License article

Industry super must pick its battles and this shouldn't be one

Lobbyists for the union-aligned superannuation sector are harming their credibility by opposing a change to give all workers the right to chose their own fund and would be smarter to focus on the bigger battles.

As first reported by The Australian Financial Review in early December, the Turnbull government is consulting on draft laws to make it illegal for enterprise agreements to lock workers out of the right to chose their own super fund.

In announcing the reform Assistant Treasurer Kelly O'Dwyer said that roughly two million Australians are currently disadvantaged by the 26 per cent of enterprise agreements that give workers no choice of super fund and a further 5 per cent that offer only limited choice.

Employees of supermarket giants Coles and Woolworths will be among those affected by the new laws, with the workers covered some of the lowest income earners in the country.

Supporters of the status quo argue that restricting choice of fund guarantees economies of scale that enable employers and industry funds to negotiate bulk discounts on insurance and other costs.

But that argument just doesn't seem to stack up when looking at the performance data of many of the funds that benefit from the agreements.


Royal commission into trade union corruption commissioner Dyson Heydon last month concluded that: "none of the arguments made against freedom of choice are compelling."

The major peak bodies representing industry super funds, Industry Super Australia and Australian Institute of Superannuation Trustees, continue to argue against extending choice of fund to all.

"It is not in the interests of members of such funds to switch into superannuation funds that offer lesser benefits and may remove certainty and security," AIST chief executive Tom Garcia said. 

 And even the Association of Superannuation Funds of Australia, which represents both retail and industry funds, is resisting the change. 

"While supporting the principle of choice within the superannuation system, ASFA is cognisant of specific circumstances where providing full choice may result in an impractical or costly outcome," ASFA chief executive Pauline Vamos said.

In taking this stance the industry fund bloc is handing a free kick to the Financial Services Council, which represents the bank-owned and other retail wealth managers, and other critics who accuse them of union cronyism.

The banks are eager to win more business in the default market, not only because it is growing at roughly 15 per cent per annum but because it provides an opportunity to win new customers to whom they can sell a range of other products over their lifetime.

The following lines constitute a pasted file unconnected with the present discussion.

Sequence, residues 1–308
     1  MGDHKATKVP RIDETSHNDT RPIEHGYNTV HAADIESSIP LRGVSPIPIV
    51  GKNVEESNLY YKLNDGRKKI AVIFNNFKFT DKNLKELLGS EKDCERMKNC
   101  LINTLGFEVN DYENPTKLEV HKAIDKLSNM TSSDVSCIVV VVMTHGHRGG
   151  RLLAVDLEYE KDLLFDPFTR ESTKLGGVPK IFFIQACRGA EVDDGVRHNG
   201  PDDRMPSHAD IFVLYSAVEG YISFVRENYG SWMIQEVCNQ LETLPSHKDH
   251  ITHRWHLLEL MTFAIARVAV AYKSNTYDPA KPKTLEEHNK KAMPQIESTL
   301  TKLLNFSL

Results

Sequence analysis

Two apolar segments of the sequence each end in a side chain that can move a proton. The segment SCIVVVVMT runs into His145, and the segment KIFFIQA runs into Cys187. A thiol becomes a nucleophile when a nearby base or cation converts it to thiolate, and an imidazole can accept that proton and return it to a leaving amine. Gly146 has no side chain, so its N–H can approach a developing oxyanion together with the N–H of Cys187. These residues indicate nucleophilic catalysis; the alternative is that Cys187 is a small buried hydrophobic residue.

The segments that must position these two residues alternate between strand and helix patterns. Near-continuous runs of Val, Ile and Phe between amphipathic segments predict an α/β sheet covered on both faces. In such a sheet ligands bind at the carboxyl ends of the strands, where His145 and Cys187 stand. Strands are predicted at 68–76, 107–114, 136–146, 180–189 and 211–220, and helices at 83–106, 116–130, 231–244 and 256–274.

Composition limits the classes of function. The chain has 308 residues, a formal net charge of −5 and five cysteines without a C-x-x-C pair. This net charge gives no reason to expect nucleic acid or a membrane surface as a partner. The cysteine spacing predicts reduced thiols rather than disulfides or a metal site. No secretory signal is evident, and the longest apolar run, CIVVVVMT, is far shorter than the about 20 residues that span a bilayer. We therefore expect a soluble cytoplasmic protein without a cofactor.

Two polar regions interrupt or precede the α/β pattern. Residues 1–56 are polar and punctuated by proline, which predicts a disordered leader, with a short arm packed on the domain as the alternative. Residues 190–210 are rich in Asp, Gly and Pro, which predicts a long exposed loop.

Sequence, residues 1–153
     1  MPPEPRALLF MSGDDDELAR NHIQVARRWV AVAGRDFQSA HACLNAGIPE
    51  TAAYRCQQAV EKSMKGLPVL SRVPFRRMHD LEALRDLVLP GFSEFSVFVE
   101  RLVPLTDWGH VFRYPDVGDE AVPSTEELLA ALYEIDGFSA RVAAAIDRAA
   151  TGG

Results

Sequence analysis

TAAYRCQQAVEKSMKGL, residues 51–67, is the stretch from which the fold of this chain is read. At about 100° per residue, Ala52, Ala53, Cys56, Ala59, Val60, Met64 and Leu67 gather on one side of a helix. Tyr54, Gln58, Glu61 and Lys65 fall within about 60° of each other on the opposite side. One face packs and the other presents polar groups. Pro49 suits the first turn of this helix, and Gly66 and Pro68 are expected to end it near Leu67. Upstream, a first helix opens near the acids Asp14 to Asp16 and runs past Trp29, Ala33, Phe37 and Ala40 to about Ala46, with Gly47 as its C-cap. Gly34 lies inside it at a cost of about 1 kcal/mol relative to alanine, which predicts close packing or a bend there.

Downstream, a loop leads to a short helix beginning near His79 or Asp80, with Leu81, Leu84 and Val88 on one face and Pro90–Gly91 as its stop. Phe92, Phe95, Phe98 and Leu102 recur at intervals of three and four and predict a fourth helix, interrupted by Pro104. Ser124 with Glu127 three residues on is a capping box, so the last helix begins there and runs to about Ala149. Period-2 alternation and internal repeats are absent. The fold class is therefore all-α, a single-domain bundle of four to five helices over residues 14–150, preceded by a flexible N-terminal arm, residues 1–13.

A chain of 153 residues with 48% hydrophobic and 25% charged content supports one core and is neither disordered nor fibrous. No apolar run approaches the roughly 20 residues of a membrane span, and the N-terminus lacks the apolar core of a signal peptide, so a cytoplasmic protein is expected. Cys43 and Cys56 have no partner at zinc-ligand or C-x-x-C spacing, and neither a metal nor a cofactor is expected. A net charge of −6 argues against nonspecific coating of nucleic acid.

More opportunities to banks

Extending choice of fund to all workers is just one small part of the government's plan to break-down the influence of unions across the nation's $2 trillion compulsory retirement savings sector, but particularly within the $434 billion default super market, that would hand more opportunities to the banks.

Plans are in train to dismantle the "equal representation" model of non-profit super funds, by forcing them to appoint a minimum of one third of independent directors and an independent chairman to their boards and the Productivity Commission has been charged with reviewing the mechanism by which employers and unions negotiate the default super fund workers entitlements are paid to.

The shake-up follows the 2014 financial system inquiry, led by former Commonwealth Bank boss David Murray.

In fighting this broader suite of reforms the industry fund movement has fairly argued that on average non-profit funds have recorded superior long-term performance to their retail rivals and not been drawn into the scandals that have plagued the likes of Commonwealth Bank and IOOF.

By refusing to budge on the issue of protecting choice the industry fund sector undermines its attempt to take the moral high ground.

ISA boss David Whiteley has estimated that as few as 160,000 people would take advantage of a newfound right to chose, making the change unnecessary. So how would extending choice to all harm the ability of funds to offer value for default contracts?

People who want to chose their own super fund should not be blocked by a deal made between their employer and a union they may not even belong to.

Correction: The original version of this article incorrectly attributed the below quote from AIST chief executive Tom Garcia to ASFA chief executive Pauline Vamos. 

"It is not in the interests of members of such funds to switch into superannuation funds that offer lesser benefits and may remove certainty and security," AIST chief executive Tom Garcia said.